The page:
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Jesse Malin puts a charge back into the Bowery Electric

BY EVERYNIGHT CHARLEY CRESPO | If there was a mayor of New York’s rock-and-roll nightlife, it would be Jesse Malin. Born and raised in Queens, he entered the Downtown music circuit in the 1980s when he was 12 years old, playing in a hardcore punk band called Heart Attack.

In the 1990s, he led the band D Generation for eight years and opened his first East Village bar, Coney Island High, on St. Mark’s Place. In 2001, Malin launched a solo career as a rocker singer/songwriter. Now an East Village resident and entrepreneur, he also co-owns four local bars, the Bowery Electric, Dream Baby, Lola and Niagara, and is a co-owner of Velvet Elk Records, which records and releases music by local musicians.

At the start of the 2020 pandemic, most local nightlife dissipated and professional musicians vanished from the public eye. Malin remained active, however, performing weekly livestreams, initially solo and free on social media, the later with band members on a pay-per-view platform.

His performance skills remained sharp, but he did not hear cheers and applause from a live audience until Governor Cuomo allowed live indoor entertainment on April 2.

For now, during the pandemic, the Bowery Electric’s dance floor had been replaced with tables separated by plexiglas partitions. But, as usual, the crowd at Malin’s show still danced. (Photo by Everynight Charley Crespo)

Conforming to COVID-era governmental regulations, Malin and his band reopened his Bowery Electric club with a sharply reduced capacity of ticket holders, who were assigned partitioned cubicles with tables and chairs. Malin and company sold out four shows in April and returned for two more concerts this month.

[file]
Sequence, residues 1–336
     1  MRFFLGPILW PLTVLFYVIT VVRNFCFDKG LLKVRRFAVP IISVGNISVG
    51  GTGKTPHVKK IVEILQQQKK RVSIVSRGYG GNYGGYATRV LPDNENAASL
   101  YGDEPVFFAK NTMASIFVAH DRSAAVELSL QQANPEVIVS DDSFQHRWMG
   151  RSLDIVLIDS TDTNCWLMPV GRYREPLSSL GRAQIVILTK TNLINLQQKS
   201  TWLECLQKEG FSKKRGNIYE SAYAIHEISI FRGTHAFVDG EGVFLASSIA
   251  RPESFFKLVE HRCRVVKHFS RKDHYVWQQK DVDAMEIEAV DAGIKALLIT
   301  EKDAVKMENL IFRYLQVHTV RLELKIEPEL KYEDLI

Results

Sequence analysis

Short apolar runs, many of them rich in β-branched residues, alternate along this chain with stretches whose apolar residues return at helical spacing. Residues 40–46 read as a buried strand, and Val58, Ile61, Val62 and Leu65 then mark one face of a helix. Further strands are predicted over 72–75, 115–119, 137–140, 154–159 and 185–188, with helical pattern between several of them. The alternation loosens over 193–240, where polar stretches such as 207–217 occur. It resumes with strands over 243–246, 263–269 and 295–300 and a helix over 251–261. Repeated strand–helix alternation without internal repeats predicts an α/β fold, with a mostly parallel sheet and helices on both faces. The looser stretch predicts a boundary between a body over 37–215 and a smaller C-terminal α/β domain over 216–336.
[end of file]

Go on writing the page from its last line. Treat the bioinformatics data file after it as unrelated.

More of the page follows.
Malin has a strong following of core fans that attend all his shows. Even before entering the building, one could have made a fairly accurate prediction of who would be sitting in the pods nearest the stage. Once Malin and his band appeared onstage, it became evident that the crowded stage and all the new furniture on the former dance floor was going to inhibit his usual turbo-fueled movements. Malin’s band launched into the first song and the superfans in front began dancing enthusiastically by their tables tight away, thus helping to charge the Bowery Electric with, well, electricity.

The long journey from youth to adulthood has helped Malin match his playful rock-and-roll spirit with a maturing awareness of life’s joys and sorrows, and this was reflected in his songwriting. Even when the words did not clearly establish a mood, Malin’s passionate vocal delivery completed the task.

Accompanied by guitarists Derek Cruz and David Immerglück (Counting Crows), keyboardist Rob Cloris, bassist James Cruz and drummer Randy Schrager, Malin began the early show with a series of slower songs that started with a simmer and roused slowly, including “Brooklyn,” “She’s So Dangerous” and “The Fine Art of Self-Destruction.”

For many years, Derek Cruz has provided Malin’s songs with fluid guitar lines, but at the Bowery Electric show, Immerglück also injected a few leads. The overall set was mellower than usual. But Malin gravitated to a more bombastic spin long before he removed his leather jacket and sunglasses and ended the 100-minute set with a cover of the Undertones’ “Here Comes the Summer.”

As the energy level increased onstage, the partitions between tables seemed to disappear. The animated audience spilled out of the cubicles to move with the music and celebrate another successful rock-and-roll party led by Jesse Malin. Undoubtedly, the superfans returned a half hour later to repeat the experience at Malin’s late show.

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